Evaluating the efficacy of ash source and ash particle size in controlling infestation of bean bruchids (AcanthoscelidesObtectus) in stored beans (Phaseolus Vulgaris)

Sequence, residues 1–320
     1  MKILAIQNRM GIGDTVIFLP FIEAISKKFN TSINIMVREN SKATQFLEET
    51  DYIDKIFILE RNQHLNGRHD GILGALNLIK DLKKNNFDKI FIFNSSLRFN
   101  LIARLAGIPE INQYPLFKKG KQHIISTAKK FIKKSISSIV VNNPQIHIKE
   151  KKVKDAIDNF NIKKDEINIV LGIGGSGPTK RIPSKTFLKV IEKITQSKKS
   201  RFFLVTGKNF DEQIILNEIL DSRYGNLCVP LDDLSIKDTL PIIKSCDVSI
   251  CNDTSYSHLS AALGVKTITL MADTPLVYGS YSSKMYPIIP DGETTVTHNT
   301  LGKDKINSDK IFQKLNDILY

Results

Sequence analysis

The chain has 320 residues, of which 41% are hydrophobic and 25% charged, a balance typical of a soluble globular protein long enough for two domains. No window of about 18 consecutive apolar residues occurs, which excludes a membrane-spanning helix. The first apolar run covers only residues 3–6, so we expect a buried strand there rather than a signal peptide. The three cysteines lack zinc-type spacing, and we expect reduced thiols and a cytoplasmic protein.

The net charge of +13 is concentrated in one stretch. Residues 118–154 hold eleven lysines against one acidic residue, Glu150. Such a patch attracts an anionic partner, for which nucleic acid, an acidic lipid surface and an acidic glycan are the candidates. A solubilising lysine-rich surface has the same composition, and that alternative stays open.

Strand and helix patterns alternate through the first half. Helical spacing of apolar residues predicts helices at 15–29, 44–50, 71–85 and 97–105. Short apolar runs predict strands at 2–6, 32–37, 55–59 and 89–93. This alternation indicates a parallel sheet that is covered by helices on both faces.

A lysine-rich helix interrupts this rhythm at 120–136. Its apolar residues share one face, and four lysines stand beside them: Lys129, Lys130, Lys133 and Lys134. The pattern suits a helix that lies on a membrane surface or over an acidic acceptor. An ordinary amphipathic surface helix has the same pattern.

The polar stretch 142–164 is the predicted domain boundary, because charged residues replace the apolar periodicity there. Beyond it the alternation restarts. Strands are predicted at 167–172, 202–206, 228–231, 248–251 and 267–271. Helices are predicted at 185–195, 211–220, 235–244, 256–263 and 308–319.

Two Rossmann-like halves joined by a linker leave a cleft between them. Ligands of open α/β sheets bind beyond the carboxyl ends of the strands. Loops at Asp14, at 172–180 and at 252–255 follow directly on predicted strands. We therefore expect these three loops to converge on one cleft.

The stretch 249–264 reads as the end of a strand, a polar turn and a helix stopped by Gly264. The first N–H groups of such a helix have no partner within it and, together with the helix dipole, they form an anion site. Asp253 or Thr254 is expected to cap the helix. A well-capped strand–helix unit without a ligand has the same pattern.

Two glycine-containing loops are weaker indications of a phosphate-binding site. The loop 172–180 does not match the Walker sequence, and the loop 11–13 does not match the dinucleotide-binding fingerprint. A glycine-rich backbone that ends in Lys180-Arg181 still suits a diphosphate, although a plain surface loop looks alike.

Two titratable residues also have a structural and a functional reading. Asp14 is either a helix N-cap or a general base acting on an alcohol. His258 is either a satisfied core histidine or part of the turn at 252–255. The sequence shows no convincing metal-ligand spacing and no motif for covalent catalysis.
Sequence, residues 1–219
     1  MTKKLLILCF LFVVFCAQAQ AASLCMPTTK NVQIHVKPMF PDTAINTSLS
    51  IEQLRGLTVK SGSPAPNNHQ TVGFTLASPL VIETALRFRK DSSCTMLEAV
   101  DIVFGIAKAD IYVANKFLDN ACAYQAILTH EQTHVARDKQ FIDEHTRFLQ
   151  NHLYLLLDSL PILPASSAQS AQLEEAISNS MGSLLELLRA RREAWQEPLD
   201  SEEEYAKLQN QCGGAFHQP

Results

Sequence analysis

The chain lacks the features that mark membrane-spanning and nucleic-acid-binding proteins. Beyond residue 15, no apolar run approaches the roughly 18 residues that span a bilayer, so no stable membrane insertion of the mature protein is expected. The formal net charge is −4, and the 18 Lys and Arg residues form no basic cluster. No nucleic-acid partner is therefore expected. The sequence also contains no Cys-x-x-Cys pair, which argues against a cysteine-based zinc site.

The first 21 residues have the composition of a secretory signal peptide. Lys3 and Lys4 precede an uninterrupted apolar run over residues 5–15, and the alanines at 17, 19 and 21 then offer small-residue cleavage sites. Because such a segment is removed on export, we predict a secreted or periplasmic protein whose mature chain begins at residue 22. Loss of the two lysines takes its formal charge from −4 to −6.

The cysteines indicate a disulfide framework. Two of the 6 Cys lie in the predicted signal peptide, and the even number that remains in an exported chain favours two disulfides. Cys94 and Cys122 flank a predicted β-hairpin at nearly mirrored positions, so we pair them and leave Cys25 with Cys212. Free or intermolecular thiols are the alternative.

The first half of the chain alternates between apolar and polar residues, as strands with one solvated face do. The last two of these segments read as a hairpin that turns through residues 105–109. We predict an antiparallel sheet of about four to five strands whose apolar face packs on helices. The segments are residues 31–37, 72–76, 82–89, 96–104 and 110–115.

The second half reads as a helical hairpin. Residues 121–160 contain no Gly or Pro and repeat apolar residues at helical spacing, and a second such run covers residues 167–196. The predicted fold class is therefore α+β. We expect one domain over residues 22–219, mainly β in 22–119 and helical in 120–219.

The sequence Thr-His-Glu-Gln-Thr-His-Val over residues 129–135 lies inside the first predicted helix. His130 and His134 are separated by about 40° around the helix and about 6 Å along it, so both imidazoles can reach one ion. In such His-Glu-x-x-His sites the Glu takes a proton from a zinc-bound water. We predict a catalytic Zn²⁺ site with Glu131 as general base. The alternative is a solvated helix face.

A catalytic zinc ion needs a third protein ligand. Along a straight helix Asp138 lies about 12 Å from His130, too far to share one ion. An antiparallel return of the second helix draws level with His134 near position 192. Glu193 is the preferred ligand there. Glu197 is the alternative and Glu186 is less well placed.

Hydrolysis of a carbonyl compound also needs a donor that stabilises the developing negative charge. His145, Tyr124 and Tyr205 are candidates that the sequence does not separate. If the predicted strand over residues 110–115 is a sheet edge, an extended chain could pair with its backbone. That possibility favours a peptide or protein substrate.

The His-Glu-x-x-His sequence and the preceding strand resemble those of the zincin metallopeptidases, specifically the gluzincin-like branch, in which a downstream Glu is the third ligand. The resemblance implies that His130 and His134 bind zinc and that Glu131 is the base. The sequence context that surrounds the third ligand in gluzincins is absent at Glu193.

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Ash is one of the indigenous products used for bruchid management among the subsistence farmers however, knowledge gap still exists on how to optimize the benefit of ash as a protectant of stored grain legumes, concerning the source of the ash and which particle size of the ash would provide maximum grain protection during storage. Therefore an experiment to assess the effect of source of ash and ash particle size on the infestation of Acanthoscelides obtectus in stored beans, (Phaseolus vulgaris) seeds, was conducted at the Entomology laboratory of the Department of Agricultural Production, School of Agricultural Sciences (SAS), College of Agricultural and Environmental Sciences (CAES), at Makerere University. The experiment was carried out under laboratory conditions. One hundred clean un-infested seeds of common beans were measured on volume basis and placed in transparent plastic bottles, widely open at one end to which ash from different material sources which includes: wood, cow dung and legume was added. Different ash particle sizes were sorted to 0.5mm, 2mm and mixed particle sizes and then applied at 25% by volume in the bottles. Each treatment bottle was inoculated with 30 mature bruchids which included 20 females and 10 malebruchids. The storage bottles were covered with a white muslin cloth to prevent bruchids from escaping and also to allow ventilation. All treatments were replicated four times in a completely randomized design (CRD). Data were collected on: - Number of adult bruchids that emerged. - Number of infested seeds. - Number of exit windows The effect of source of ash was significant for number of adult bruchids that emerged, total number of infested grains and number exit windows (P< 0.01) which were lowest in bean seeds treated with cow dung ash and highest in bean seeds treated with wood ash. The effect of ash particle size was highly significant (P<0.01).It was observed that the finer the particles the lower the total number of adult bruchids that emerge, number of infested seeds and number of exit windows. The study also showed that particle size influenced the efficacy of the different ashes in controlling the infestation of bean seeds by bruchids. The treatments exerted protectant properties on the treated bean seeds. Cow dung ash is a better protectant against bruchids in stored legume grains followed by legume ash and wood ash had the least protection. The smaller the ash particle size the better the protection the ash will provide against bruchids, the 0.5 mm sieved ash had the best protection followed by the 2mm sieved ash then the un-sieved ash offered the least protection. From this experiment cow-dung ash should be promoted in the management of bruchids, fine particles of about 0.5mm diameter should also be encouraged in the management of bruchids in store. There is need to carry out further studies on more particle sizes and ash from different other materials in nature, this will optimize the benefit of ash for protection of stored legume seeds against bruchids.